This is the first study to describe and compare levels of objectively-measured sedentary behavior between children attending Montessori and traditional preschools. We found that the average time spent in sedentary behavior was significantly lower among children attending Montessori preschools. Not only did these children spend less time in sedentary behavior while in school, they also spent less time in sedentary behavior while out of school. Our findings are of particular importance because they suggest that the Montessori education system needs to be studied carefully to determine the specific factors that facilitate lower time spent in sedentary behavior. In addition to the finding that school type was a significant predictor of sedentary behavior, we also observed that socio-demographic factors (age, gender, and parent education level), and preschool funding type predicted time spent in sedentary behavior in multivariate analysis. These findings suggest that socio-demographic characteristics and school-level characteristics (e.g., policies and environments) have a significant influence on preschoolers’ sedentary behavior. Both characteristics should be considered when developing interventions that aim to reduce the time preschoolers’ spend in sedentary behavior.
There is evidence that preschool policies and practices can influence preschoolers’ sedentary behavior. Previous studies found that children attending preschools with policies regarding sedentary opportunities (e.g., limiting time for prolonged sitting and TV/DVD viewing) spent significantly less time in sedentary behavior compared to those attending preschools without such policies [14, 27]. The Montessori education system is based on a fundamental approach that encourages children to teach themselves, with teachers serving as assistants in the classroom . Unlike traditional preschools, children in Montessori classrooms are not required to sit and listen to teacher-directed instructions, but are encouraged to choose and participate in individual or group activities . This approach likely explains a proportion of variance in preschoolers’ sedentary behavior. Traditional preschools could consider if it is feasible to include aspects of this policy to reduce time spent in sedentary behavior.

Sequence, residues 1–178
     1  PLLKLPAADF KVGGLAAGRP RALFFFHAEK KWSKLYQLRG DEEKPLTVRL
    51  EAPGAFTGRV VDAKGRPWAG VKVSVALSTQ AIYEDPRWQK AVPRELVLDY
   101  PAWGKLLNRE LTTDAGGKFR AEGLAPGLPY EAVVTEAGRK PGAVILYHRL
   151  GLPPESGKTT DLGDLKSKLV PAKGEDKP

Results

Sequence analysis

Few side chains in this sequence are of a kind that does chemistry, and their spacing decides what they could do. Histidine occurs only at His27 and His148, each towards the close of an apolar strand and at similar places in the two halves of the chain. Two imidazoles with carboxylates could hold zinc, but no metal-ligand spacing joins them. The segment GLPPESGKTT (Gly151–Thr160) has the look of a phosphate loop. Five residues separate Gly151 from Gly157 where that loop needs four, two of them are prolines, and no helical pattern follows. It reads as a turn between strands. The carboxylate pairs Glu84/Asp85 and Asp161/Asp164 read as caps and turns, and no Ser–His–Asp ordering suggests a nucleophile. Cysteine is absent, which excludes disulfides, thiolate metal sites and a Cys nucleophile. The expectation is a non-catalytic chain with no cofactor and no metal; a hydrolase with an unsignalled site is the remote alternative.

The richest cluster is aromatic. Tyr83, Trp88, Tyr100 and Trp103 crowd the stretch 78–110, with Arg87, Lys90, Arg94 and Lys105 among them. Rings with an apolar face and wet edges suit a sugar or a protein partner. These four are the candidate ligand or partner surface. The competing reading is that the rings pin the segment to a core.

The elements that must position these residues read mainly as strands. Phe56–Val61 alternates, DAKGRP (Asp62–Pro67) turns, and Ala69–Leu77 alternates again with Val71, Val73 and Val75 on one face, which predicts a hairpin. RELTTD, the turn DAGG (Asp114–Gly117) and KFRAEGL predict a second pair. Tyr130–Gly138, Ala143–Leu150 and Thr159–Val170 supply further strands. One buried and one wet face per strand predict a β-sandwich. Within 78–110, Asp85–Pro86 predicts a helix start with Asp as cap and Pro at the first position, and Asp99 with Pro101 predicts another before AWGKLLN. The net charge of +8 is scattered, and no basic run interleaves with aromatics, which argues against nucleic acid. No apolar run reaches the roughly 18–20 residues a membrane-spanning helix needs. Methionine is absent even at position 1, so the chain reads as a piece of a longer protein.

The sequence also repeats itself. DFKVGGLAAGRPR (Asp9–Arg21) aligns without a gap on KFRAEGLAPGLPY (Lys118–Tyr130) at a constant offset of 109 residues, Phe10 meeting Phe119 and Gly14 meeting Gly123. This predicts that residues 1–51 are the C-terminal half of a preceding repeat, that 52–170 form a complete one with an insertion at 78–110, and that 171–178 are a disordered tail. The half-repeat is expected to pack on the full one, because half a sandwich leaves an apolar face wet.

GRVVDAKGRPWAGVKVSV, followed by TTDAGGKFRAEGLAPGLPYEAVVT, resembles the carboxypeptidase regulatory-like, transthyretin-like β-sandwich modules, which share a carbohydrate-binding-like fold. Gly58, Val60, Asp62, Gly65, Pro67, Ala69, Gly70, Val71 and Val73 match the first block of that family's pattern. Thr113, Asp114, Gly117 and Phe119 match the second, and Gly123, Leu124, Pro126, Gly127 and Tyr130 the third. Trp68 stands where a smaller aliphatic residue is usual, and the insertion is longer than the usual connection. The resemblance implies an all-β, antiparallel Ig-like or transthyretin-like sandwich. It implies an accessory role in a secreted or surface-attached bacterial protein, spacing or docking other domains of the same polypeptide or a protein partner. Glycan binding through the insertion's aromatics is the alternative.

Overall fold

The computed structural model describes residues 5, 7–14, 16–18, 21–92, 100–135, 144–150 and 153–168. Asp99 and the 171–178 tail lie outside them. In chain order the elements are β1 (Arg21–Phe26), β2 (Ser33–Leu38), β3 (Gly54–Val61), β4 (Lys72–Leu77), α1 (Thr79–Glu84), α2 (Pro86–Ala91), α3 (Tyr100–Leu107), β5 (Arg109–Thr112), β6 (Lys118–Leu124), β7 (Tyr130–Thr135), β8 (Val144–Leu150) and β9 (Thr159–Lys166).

Research also suggests that preschoolers’ sedentary behavior levels are affected by the physical and social environment of the preschool. Children attending preschools with environments that discourage sedentary behavior (e.g., fewer TVs and computers or greater classroom size) have been shown to spend less time in sedentary behavior while in school [15, 27]. The Montessori preschool environments are based on the theory that “the best learning is active” and that children learn within “prepared environments” in which they can freely perform self-directed activities . In general, the Montessori school classrooms are large and open-spaced to facilitate children’s movement . As an example, Montessori preschool classrooms typically are equipped with sets of materials for light intensity physical activities (e.g., materials for sweeping, dusting, cleaning, and gardening), and children are regularly engaged in physical activities using those materials in school [28, 29]. This could explain our observed difference in sedentary behavior during the in-school period.
An interesting observation in this study was that children attending Montessori preschools also spent less time in sedentary behavior out of school, compared to children attending traditional preschools. This out-of-school sedentary behavior difference persisted even after adjusting for child’s socioeconomic status and participation in after-school sports program. This finding is of particular interest because it has been hypothesized that children who are more sedentary (or active) during one part of the day would compensate at other times of the day, resulting in daily total activity levels that are constant . Under the compensation hypothesis, environmental influences on children’s sedentary behavior is limited, and biological control of sedentary behavior is predominant . However, our data do not support this hypothesis, but rather suggest that school-based interventions should be developed and implemented to reduce daily sedentary behavior in preschool children.